The disintegration of the Soviet Union in 1991 left 25 million Russians living outside the Russian Federation. This important new book explores their social identity, examining the mutually held perceptions, fears and resulting nationalism of both the ethnic Russians living outside the Russian Federation and the indigenous, or 'titular', populations they live amongst.
Based on a unique study involving national surveys conducted in Belarus, Ukraine, Moldova, Georgia and Kazakhstan, the book maps the main individual, intergroup and cross-national factors that shape the fears of 'titulars' and Russians as well as the possible consequences and the risk of ethnic conflict in the five republics. There is detailed statistical analysis of how background factors (personal and national) affect intergroup perceptions; along with discussion of mutual stereotypes, social distance, language and the perception of citizenship and analysis of the dynamics of assimilation and separation of Russians in former soviet states. The attitudes of both groups to other smaller minority groups are also examined.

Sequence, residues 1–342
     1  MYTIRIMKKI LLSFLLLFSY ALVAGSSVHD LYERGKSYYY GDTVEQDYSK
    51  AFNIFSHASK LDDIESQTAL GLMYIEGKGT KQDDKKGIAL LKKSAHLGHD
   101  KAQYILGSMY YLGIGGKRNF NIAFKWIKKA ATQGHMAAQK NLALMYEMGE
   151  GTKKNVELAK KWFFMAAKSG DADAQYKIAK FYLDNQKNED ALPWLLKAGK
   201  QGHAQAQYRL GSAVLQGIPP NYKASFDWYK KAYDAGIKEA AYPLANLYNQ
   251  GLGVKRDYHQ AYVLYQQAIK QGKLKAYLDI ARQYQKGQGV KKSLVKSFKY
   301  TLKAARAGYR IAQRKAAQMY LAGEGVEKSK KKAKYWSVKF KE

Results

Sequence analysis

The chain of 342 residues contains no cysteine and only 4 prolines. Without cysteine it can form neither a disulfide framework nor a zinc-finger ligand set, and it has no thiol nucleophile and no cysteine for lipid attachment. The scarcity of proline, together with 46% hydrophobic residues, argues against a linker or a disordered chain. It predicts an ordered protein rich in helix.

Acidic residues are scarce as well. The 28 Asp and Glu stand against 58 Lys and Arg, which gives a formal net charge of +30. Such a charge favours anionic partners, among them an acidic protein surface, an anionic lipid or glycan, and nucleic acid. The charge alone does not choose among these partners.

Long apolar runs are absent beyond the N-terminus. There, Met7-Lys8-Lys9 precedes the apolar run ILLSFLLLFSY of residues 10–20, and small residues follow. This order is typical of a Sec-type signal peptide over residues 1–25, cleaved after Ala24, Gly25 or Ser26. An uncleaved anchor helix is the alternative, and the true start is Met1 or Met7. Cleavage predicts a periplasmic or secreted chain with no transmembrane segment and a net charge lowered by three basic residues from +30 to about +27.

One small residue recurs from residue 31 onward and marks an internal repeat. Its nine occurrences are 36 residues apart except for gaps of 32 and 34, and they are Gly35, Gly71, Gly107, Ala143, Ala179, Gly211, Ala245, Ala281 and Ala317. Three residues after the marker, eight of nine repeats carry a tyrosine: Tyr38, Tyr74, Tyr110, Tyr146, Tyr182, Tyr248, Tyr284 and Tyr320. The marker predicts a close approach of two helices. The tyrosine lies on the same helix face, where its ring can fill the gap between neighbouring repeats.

This book provides significant new conclusions on the complexity of intergroup relations and seeks to relate these findings to a general theory of intergroup relations. It will be essential reading for those working in this area within the disciplines of Psychology, Sociology and Politics.
The intellectual level of this project is exceptionally high and a very impressive work has been produced. The authors have come up with important and, occasionally, unexpected findings. This book has pushed back the boundaries of our understanding of interethnic relations in the former Soviet Union. - Richard Sakwa, University of Kent, Canterbury
By its scope alone, this study is interesting. More than that, it is impressive for the sophistication and scholarly rigour with which it deals with the material. As attitudes are measured on several levels, and a complexity of possible causal pathways are explored, the book stays firmly focused. The findings are convincing, policy-relevant and sometimes surprising. The combination of psychological approaches to loyalty, prejudice and conflict with statistical surveys in this case has created a study that very nicely builds on existing social science work on the Russian diaspora. - Journal of Peace Research